A recent segment on water use in the American West by comedian John Oliver singled out Utah for being, what he considers, ridiculous and blatant waste of water in the face of a drought, not least because of its many golf courses.
To be fair: golf generates over $805 million for the state, according the latest Golf Alliance data for Utah. The sport also supports more than 9,625 jobs, stimulates tourism, stimulates residential construction and generates demand for retail and other goods and services.
Yet Utah, the second driest state in the union, is home to some 140 golf courses, many of which are displayed in their green finery against beautiful red desert rock formations. And nowhere is this more prominent than with the four St. George’s city-run golf courses and eight private course—a point also raised by Oliver.
Michele Randall, Mayor of St. George, the fastest growing city in the United States attributes the city’s growth to the city’s friendliness and cleanliness, in addition to its vast recreational resources, which no doubt include golf courses. And clearly, the pandemic has sparked increased interest in golf, with its inherent social distancing and outdoor environment. The National Golf Foundation (NGF) said 3.2 million Americans played golf for the first time last year, a 33% increase from 2019. The NGF also had 28 million American golfers in 2020.
So how much water exactly do Utah golf courses use? Does the popularity of golf and its economic benefits justify the water it uses, especially in times of drought? Alan Davis, chief superintendent of golf courses at Willow Creek Country Club, Sandy, Utah, and past president of the Utah Golf Course Superintendents Association (UGCSA), says few people know what makes golf courses green . Hint: it’s not always water.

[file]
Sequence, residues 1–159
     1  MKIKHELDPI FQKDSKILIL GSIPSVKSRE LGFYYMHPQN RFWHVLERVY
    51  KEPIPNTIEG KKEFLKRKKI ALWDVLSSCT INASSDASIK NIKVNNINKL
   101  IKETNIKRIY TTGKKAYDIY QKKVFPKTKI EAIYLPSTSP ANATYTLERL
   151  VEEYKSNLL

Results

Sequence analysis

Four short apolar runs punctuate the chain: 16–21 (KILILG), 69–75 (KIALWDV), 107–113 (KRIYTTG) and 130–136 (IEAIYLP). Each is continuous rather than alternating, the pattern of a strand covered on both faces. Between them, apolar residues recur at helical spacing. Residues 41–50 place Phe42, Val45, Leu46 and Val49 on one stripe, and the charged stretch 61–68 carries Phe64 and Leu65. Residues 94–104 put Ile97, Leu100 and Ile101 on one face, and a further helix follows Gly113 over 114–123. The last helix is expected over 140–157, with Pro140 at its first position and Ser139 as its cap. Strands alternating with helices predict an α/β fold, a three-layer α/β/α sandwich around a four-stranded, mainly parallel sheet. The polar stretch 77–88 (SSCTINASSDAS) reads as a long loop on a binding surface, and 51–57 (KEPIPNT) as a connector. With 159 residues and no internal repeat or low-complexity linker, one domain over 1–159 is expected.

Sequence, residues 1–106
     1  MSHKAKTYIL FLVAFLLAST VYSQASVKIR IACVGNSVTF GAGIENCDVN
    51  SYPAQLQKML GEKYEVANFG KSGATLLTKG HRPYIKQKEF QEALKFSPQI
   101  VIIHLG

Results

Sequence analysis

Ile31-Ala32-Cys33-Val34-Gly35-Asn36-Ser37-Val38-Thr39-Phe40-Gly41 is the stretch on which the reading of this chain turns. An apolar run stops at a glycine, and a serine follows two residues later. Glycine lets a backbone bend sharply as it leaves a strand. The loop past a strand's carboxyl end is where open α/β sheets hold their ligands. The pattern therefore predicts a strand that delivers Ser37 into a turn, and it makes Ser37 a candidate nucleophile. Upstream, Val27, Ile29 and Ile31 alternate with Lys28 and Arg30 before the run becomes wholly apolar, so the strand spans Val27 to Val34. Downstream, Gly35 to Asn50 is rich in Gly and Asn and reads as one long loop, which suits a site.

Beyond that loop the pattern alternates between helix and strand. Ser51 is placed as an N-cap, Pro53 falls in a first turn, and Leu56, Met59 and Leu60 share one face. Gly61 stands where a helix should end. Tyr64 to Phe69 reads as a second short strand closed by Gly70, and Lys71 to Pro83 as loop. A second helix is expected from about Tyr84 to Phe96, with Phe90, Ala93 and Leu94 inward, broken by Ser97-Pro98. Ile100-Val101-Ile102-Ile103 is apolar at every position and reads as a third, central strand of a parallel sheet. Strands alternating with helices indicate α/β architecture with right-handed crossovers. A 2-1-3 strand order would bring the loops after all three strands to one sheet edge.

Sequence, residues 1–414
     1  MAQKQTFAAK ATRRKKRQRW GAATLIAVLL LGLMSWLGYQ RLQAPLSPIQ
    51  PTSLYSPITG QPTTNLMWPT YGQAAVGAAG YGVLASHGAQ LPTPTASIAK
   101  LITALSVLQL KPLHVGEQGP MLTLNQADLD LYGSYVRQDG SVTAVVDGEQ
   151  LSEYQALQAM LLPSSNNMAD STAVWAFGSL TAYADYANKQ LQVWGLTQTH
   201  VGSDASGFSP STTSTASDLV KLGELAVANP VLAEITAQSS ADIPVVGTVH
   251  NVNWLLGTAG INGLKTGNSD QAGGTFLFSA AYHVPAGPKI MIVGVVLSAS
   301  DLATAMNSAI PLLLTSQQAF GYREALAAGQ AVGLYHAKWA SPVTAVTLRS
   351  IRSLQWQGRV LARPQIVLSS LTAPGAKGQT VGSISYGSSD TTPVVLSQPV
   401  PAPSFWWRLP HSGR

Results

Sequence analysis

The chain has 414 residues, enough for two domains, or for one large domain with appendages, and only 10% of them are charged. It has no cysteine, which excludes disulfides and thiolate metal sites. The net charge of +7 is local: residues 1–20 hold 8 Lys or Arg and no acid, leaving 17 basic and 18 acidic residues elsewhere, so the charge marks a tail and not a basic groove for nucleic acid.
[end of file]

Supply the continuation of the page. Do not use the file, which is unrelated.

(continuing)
Davis points to the latest US Geological water survey, showing that golf courses in Utah are not among the top users of water in the state. That distinction goes to agriculture, which uses 2 billion gallons a day. The public uses 621 million gallons per day, while golf courses use 21 million. Additionally, according to a UGCSA report, only 4% of Utah’s turf is found on Utah golf courses. And 44% of Utah golf courses have reduced their irrigated area in the past six years.
The Golf Alliance for Utah says, “Overall, Utahans need to know how much their course superintendents study this topic. [the drought] and what they are doing about it.
Joel Williams, deputy director of the Utah Division of Water Resources (DWR), saw John Oliver’s segment and, while he admits it’s part of a comedian’s job to make fun, he did. noted that things are going better than they look. “As ordinary citizens, we always want to have somewhere to point our finger and say, ‘Oh, they’re the problem,'” Williams says.
Golf may not be that place. The DWR recently met with golf courses in Utah to discuss their water conservation tactics, and state officials came away satisfied. “We’ve seen them do their bit and step up…and they’re doing it more effectively than the owners,” he says.
There are many methods that golf courses have been using for some time to conserve water, Davis says. For every golf superintendent, water is a constant topic of conversation, and has been for years. “We just try to stay on top of the drought and talk to the superintendents regularly to see what they’re employing,” he says.